Dr. Cindy Otto, a veterinarian who cared for the search dogs after 9/11:

You’d see firefighters sitting there, unanimated, stone-faced, no emotion, and then they’d see a dog and break out into a smile. Those dogs brought the power of hope. They removed the gloom for just an instant — and that was huge because it was a pretty dismal place to be.”

She now wears her vest to help children learn to read.

Read Bretagne’s story and vote for her in the American Humane Association’s annual “Hero Dog Awards.”

Image by Denise Corliss

3 Ways to Save These Sanctuary Dogs in Hawai’i

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Story: Sole Animal Sanctuary on the Big Island Rescues, Rehomes Abandoned Dogs

Tucked away outside of buzzy Hilo, Hawai’i down a sleepy country road lined with grass taller than you and me is Rainbow Friends Animal Sanctuary, home to over 300 unwanted, neglected or abused animals.

Recently, I had the honor of visiting the sanctuary in person.

Hawai’i: No paradise for animals

Mary Rose Krijgsman founded the no-kill sanctuary in 2001 in response to the island’s abandonment and overpopulation issue, much of it stemming from unregulated backyard breeding of hunting dogs and an overextended, economically depressed population who cares for multiple animals without the means.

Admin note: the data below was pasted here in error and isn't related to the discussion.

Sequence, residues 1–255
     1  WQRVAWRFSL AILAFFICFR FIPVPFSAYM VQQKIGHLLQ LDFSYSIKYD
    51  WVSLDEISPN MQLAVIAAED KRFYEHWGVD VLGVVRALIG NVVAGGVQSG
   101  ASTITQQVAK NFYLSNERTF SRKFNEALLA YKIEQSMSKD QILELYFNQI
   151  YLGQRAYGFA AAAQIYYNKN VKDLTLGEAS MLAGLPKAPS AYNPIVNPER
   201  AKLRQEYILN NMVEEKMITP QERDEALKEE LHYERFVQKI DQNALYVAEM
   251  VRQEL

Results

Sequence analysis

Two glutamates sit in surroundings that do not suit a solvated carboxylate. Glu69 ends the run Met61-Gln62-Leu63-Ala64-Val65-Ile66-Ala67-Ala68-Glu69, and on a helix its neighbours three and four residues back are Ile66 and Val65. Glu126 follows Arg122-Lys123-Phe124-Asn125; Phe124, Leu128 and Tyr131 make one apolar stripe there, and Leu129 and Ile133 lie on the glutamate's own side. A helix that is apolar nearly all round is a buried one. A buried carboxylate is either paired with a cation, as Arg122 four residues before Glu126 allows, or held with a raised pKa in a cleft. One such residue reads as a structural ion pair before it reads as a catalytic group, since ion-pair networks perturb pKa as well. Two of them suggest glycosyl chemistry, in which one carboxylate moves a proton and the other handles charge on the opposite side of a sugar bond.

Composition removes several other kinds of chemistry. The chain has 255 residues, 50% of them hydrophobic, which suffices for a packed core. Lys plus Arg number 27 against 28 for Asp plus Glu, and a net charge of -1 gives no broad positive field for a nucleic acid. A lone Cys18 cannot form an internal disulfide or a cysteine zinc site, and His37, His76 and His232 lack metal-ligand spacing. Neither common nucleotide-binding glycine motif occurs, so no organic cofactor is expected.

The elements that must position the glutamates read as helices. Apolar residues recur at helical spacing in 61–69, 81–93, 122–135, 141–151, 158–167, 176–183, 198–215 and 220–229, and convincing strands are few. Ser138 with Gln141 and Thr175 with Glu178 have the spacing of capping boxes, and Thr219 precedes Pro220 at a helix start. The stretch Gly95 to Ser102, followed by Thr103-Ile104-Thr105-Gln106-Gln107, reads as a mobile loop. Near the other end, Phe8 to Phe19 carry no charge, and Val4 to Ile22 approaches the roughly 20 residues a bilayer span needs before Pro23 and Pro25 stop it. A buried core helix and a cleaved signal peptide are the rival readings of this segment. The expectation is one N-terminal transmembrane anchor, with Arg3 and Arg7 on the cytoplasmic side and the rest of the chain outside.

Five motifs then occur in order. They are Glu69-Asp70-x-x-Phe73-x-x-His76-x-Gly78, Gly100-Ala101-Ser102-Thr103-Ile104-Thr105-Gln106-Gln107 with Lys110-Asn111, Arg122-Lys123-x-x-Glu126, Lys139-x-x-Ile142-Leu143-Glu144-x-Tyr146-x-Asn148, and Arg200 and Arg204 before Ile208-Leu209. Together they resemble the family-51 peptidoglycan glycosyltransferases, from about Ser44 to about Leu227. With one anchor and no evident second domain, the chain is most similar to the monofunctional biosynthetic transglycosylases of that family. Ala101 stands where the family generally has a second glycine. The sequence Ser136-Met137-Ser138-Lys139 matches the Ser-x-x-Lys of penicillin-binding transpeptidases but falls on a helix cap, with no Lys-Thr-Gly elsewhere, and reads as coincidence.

Though the island’s population is 180,000, in a follow-up email interview after my visit, Mary Rose cited a report that compared the overpopulation problem to a mainland city with 1 million people.

According to her, 1,200 animals are euthanized each month by the local animal control shelter.

An Oasis for Homeless Pets

Sitting on 7.5 acres in a park-like setting, the sanctuary site is refreshing and unlike anything I’ve seen: grassy paths lined with shady trees, some gently bending together to form tunnels leading the way through the property. Outdoor enclosures allow for sunshine, breeze and fresh air. There is even a pond.

Shelter is provided in each secure kennel and generally, two dogs are companionably housed together.

Every dog is walked every day by volunteers and there is a charting system to be sure.

The dogs are enthusiastic, energetic and it was evident that they are content and cared for.